ZTE Hoping to Convince U.S. Commerce Department to Reverse Sanctions
On April 16, the U.S. Department of Commerce announced that Chinese technology company ZTE can no longer buy U.S. products including electronic components and software to build its smartphone and networking products. The ban was imposed because ZTE violated a consent agreement by selling prohibited items to Iran and North Korea.
ZTE strongly objected to the decision in a statement to eWEEK saying, “The Denial Order will not only severely impact the survival and development of ZTE, but will also cause damages to all partners of ZTE including a large number of U.S. companies.”
ZTE stated that it has reflected on its lessons in export control compliance and is working to convince the Commerce department to reverse its decision. The company has assembled a so-called “world-class counsel” of compliance experts to provide the Commerce Department additional information about its recent steps to comply with export regulations.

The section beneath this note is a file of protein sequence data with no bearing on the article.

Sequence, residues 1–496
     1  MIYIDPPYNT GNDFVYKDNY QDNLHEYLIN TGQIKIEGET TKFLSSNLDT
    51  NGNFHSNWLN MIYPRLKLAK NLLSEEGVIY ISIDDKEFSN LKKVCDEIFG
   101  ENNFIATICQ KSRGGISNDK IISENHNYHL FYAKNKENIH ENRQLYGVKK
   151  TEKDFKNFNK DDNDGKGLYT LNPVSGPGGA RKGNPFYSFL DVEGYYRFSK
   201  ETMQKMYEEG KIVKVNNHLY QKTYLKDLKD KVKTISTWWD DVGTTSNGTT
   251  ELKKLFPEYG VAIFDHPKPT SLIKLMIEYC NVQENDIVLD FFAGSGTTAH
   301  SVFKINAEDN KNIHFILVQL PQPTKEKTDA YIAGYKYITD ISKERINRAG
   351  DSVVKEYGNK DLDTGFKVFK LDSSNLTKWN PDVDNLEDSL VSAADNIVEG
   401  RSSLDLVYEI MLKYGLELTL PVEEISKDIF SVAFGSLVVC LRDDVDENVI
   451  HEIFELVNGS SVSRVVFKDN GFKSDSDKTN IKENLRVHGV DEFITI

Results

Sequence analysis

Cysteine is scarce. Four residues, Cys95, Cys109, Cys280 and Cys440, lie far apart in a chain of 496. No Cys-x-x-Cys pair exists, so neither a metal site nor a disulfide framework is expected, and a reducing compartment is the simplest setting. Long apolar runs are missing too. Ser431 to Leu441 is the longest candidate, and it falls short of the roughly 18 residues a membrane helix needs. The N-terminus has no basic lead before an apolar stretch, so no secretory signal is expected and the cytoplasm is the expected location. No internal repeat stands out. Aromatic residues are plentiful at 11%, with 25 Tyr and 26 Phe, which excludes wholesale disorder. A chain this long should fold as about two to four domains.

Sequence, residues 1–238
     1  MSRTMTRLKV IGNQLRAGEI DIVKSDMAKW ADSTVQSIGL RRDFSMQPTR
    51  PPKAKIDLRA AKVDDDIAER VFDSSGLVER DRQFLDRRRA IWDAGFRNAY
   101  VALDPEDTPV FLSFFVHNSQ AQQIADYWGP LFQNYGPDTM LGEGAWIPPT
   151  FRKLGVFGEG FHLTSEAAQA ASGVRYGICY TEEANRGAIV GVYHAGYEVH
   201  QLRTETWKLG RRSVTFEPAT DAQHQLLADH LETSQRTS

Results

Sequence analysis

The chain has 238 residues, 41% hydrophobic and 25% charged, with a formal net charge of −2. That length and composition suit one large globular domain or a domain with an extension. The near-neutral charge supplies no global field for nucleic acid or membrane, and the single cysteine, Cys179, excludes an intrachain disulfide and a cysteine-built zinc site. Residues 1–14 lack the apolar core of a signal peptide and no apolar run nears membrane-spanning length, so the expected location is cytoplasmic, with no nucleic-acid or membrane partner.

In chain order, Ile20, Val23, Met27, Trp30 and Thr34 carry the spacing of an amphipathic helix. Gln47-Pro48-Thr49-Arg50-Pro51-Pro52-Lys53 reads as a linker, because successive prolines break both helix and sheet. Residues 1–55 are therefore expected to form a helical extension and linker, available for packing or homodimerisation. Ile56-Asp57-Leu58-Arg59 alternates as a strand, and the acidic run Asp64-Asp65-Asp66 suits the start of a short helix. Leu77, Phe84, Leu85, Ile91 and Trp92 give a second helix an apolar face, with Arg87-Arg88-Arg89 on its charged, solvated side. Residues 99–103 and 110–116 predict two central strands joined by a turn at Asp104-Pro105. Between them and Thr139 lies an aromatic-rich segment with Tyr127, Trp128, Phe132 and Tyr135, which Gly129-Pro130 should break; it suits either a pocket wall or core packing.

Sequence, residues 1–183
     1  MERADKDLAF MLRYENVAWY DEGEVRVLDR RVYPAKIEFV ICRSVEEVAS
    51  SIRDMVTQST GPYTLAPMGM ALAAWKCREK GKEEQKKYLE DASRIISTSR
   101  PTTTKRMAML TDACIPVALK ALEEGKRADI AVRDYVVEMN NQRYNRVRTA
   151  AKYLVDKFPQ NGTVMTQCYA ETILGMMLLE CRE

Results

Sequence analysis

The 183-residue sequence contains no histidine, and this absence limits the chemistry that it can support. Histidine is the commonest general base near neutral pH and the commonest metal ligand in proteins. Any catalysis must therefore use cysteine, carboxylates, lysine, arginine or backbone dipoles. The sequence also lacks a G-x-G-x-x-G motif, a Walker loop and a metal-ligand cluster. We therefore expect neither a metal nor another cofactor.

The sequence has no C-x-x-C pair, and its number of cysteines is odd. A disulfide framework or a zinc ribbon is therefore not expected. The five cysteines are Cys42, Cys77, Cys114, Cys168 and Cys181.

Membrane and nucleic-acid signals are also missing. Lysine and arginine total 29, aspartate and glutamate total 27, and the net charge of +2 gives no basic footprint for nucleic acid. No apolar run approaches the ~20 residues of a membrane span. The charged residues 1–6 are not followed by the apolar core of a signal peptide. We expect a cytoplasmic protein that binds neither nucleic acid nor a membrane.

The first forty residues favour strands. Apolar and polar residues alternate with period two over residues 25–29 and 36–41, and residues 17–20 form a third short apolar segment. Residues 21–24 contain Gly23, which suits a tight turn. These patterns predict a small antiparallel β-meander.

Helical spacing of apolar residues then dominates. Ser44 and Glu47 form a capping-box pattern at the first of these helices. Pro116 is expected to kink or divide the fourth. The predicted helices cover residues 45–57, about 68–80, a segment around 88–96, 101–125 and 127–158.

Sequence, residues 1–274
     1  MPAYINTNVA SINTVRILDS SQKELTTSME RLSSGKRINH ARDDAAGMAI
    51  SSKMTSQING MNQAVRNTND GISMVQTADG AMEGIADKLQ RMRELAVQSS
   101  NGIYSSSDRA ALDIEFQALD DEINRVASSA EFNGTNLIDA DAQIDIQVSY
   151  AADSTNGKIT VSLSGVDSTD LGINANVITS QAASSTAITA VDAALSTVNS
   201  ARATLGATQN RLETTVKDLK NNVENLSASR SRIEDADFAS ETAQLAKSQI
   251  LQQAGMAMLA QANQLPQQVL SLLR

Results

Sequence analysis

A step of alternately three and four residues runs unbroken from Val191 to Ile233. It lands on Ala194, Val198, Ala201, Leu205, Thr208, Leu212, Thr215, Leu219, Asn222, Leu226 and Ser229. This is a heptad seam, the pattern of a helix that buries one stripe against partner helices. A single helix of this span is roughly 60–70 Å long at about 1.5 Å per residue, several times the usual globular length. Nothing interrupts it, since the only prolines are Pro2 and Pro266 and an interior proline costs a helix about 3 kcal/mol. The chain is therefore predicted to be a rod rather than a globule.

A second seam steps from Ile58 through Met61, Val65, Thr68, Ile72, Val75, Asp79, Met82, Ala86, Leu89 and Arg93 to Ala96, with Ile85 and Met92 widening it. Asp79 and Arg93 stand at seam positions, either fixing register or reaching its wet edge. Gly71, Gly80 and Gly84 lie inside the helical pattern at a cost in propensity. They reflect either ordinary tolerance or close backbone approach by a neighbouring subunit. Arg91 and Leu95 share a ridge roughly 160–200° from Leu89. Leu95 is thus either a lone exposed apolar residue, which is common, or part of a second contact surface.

Unfortunately, it will be difficult to convince U.S. regulators to lift the export ban, considering ZTE’s pattern of deceptive behavior, including a series of false statements spanning years, and a history of ignoring U.S. compliance rules, which includes knowingly selling prohibited items to Iran and North Korea.
While ZTE has many markets beyond the U.S., export limits will prevent ZTE from making anything anywhere that contains U.S. products. This is a major problem considering some critical products such as processors and modem chips are made by American companies. Even worse, rumors are circulating that Google may cancel ZTE’s license to use Android, which could prevent ZTE from continuing as mobile technology company.
It’s likely ZTE’s only chance at a pardon is by making a case that U.S. companies will be hurt by the ban. But that’s going to be a tough case to prove, considering that ZTE’s disappearance would make barely a ripple on the global commerce scene. The hole they leave in the smartphone industry will be immediately filled by other smartphone makers ranging from Samsung to Nokia, and the networking and carrier business would likely be taken over by China’s Huawei.